In church architecture, sedilia (plural of Latin sedīle, “seat”) are seats, usually made of stone, found on the liturgical south side of an altar, often in the chancel, for use during Mass for the officiating priest and his assistants, the deacon and sub-deacon. The seat is often set back into the main wall of the church itself. The custom of recessing them in the thickness of the wall began about the end of the 12th century; some early examples consist only of stone benches,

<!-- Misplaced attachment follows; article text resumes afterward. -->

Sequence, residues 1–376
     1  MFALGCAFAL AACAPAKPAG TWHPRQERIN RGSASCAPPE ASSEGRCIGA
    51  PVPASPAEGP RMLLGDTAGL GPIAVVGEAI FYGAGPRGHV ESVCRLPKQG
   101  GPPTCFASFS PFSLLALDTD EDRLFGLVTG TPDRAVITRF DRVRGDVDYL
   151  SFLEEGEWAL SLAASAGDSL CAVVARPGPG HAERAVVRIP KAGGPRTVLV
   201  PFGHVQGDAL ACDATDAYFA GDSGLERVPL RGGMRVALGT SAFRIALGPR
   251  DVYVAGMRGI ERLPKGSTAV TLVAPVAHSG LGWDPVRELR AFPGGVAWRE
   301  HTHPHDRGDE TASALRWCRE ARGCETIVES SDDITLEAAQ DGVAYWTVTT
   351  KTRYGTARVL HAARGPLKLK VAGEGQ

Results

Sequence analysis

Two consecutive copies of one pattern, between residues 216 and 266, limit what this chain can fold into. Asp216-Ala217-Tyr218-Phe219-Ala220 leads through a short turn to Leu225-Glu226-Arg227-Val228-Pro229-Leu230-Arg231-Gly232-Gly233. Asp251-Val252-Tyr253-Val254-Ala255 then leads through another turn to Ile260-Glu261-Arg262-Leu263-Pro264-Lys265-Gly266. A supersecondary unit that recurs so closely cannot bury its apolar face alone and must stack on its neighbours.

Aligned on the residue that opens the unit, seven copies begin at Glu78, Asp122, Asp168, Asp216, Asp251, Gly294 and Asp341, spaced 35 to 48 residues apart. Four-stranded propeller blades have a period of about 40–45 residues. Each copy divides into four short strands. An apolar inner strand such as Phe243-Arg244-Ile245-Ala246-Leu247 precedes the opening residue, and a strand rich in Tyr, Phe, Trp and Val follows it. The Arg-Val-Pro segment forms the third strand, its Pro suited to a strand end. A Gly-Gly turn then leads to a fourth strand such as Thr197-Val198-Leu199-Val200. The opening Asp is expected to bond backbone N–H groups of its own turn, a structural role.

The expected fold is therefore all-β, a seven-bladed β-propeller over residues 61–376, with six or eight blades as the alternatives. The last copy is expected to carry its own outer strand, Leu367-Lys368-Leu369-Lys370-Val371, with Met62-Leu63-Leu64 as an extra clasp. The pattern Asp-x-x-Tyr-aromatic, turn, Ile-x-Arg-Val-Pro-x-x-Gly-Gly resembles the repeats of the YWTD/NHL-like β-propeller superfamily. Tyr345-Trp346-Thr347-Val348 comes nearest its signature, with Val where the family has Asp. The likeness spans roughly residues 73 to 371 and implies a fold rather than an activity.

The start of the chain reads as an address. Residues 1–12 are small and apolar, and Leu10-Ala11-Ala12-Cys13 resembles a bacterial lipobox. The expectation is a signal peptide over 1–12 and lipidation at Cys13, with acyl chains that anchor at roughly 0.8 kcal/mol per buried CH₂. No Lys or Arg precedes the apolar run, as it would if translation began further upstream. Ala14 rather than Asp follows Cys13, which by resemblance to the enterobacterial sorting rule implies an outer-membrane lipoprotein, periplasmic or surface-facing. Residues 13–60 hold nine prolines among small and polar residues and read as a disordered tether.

A piscina is a shallow basin placed near the altar of a church, or else in the vestry or sacristy, used for washing the communion vessels.
The sedilia and piscina in St. Peter’s were originally 12th century, but were restored by the Victorians in the 19th century.